Western Digital hackers claim to have copied 10TB of company data
Western Digital confirmed a network security incident earlier this month, but did not reveal much in terms of information, as the investigation was still ongoing at the time. The company did shut down several of its systems as a consequence, including cloud-based systems for consumers, such as My Cloud.
One of the hackers involved in the attack appears to have talked about online magazine TechCrunch about the hack. It is not uncommon for malware groups to contact the press; this is a strategy for many extortion groups out there that try to pressure companies into paying ransomware. Giving popular sites and news outlets a sneak peek of the data in their hands, they may increase publicity and may convince companies to give in to their demands.
The hacker who contacted TechCrunch shared a file with the site that was digitally signed by a Western Digital certificate. TechCrunch had two security researchers verify the authenticity, which they did.
The hacker shared other information with TechCrunch, including non-public phone numbers of Western Digital executives, and screenshots of Box account folder, internal email, files stored in a PrivateArk instance, and a group call screenshot with Western Digital's chief information security officer.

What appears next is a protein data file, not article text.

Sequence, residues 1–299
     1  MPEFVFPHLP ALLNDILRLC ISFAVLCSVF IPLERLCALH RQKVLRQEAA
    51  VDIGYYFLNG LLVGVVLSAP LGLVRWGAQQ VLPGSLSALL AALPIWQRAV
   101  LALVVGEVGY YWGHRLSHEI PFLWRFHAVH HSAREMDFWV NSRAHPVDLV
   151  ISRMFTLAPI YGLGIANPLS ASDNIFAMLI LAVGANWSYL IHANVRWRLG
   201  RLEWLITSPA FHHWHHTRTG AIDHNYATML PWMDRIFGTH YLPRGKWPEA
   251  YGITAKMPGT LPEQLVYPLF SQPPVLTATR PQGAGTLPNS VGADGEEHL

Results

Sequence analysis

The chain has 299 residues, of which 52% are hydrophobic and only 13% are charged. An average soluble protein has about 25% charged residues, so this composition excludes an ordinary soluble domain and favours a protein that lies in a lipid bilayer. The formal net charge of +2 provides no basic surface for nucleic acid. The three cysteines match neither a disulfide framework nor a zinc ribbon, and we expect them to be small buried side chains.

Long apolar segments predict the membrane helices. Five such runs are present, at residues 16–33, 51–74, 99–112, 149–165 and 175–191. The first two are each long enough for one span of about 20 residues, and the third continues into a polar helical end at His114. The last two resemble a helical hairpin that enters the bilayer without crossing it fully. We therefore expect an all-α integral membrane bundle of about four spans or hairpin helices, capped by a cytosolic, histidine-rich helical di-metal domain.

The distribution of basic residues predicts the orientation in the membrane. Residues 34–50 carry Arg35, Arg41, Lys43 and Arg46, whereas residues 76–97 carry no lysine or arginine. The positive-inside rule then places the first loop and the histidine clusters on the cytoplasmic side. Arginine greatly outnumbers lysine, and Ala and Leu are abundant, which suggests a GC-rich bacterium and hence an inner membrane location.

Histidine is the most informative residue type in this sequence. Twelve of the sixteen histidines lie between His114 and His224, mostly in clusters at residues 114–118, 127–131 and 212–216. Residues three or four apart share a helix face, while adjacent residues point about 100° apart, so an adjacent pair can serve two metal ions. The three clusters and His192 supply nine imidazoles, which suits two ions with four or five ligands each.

The hacker claims that they managed to download 10 terabytes of data from Western Digital's network and linked accounts. The group, which said it does not go by any name, is asking for an 8 figures payment in exchange for not publishing the data publicly, or selling it on the dark web. Western Digital did not respond to the revelation when contacted by TechCrunch.
Assuming that the hackers are indeed in possession of the data and have signing powers, there are quite a few scenarios as to how this can play out. Western Digital might pay and hope that the group is keeping its word. It could also refuse to pay and brace for the impact as good as it can.
This would then include revoking certificates, extensive security assessments of its infrastructure, informing businesses and customers about potential fallouts, and more.
The hackers could try to sell the data to interested parties, which might then use it for phishing, malware campaigns and other activities. It is unclear if user data has been copied.
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